In Delhi, petrol was being sold for Rs 68.73 a litre and diesel for Rs 57.05 a litre on Wednesday, according to the website of Indian Oil Corp.
NEW DELHI: State oil companies have raised prices of petrol and diesel by Rs 5.64 per litre and Rs 3.72 per litre respectively since July 1 through daily revisions that have largely gone unnoticed.
In Delhi, petrol was being sold for Rs 68.73 a litre and diesel for Rs 57.05 a litre on Wednesday, according to the website of Indian Oil Corp. On July 1, the prices of petrol and diesel were Rs 63.09 and Rs 53.33 a litre.
Prices in other states would vary due to local levies. Petrol, diesel as well as jet fuel, crude oil and natural gas are not in the ambit of the Goods and Services Tax (GST) and covers most goods and services, including petroleum products such as cooking gas and lubricants.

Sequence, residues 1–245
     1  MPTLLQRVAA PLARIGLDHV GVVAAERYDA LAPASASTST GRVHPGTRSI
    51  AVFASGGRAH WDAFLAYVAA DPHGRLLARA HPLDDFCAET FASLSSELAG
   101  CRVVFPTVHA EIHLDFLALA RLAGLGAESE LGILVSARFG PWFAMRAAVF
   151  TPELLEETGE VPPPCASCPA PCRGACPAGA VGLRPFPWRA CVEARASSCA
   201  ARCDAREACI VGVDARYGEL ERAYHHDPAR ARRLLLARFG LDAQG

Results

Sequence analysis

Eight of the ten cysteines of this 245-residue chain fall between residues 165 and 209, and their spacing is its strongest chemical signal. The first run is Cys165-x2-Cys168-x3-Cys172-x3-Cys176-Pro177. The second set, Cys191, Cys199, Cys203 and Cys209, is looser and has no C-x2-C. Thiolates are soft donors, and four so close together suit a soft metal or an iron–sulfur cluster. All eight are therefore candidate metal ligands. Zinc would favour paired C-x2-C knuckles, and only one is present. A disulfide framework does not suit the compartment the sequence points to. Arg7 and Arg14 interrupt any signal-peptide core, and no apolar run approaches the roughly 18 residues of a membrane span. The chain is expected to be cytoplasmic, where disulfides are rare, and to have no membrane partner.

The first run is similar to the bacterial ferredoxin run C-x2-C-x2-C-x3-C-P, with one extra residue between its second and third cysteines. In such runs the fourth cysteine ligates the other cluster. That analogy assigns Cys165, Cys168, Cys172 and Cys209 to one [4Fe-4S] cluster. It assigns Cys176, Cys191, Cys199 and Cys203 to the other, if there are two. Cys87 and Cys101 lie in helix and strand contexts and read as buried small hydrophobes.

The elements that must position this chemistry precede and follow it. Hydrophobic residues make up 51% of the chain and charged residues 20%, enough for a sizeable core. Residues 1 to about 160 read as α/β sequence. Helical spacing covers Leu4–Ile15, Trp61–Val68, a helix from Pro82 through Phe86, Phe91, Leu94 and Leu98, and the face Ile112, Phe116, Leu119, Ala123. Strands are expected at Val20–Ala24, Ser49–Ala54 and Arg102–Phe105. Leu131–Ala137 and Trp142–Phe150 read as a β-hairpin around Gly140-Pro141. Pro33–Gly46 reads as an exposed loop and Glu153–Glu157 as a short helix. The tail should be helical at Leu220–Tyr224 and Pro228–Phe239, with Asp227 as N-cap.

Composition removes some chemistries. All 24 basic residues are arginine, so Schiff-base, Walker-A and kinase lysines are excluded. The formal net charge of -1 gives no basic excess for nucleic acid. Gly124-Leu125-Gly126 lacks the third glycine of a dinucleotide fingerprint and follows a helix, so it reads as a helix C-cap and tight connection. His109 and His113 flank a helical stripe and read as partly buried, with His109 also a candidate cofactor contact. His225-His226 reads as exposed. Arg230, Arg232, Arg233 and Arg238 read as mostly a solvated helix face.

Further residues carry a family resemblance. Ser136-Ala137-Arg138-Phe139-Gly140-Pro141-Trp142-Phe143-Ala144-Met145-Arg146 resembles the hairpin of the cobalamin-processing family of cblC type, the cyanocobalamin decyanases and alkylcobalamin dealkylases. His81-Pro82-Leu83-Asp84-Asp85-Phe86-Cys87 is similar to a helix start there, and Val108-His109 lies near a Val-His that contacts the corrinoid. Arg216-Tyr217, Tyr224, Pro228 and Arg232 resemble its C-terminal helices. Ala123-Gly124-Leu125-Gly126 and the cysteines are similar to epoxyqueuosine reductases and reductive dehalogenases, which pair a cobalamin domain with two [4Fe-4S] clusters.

Prices of petrol, diesel, cooking gas and kerosene have historically been politically sensitive as these directly impact households’ budget and have the potential to induce inflation.
This is why prices of cooking gas and kerosene are still controlled.
Until June 15 this year, state oil companies used to fortnightly revise prices to align them with international rates and factor in currency fluctuation though price hikes were skipped or delayed in some fortnights to avoid political controversy, especially during polls.
From June 16, companies switched to daily revision. This meant the price changes would be so small that it would skip the attention of most consumers or opposition parties.
With a steep hike of 9 per cent and 7 per cent seen in petrol and diesel since July 1, it appears that the aims of daily revision are being neatly met.
ET View: Open Up Oil Marketing
Quicker revision to better align prices with rising costs (of imports) is all very well, but we do need to revamp market design in the huge retail oil sector.
India is now the world’s third largest oil importer, and we do need genuine competitive pressures to boost efficiency, raise productivity and bring down prices in oil retailing.
There’s no point in ring-fencing oil sales for only oil companies. What’s required is proactive policy for independent retailers of oil products. Abroad, in the mature markets, “independents” account for about half the retail off-take of petroleum products.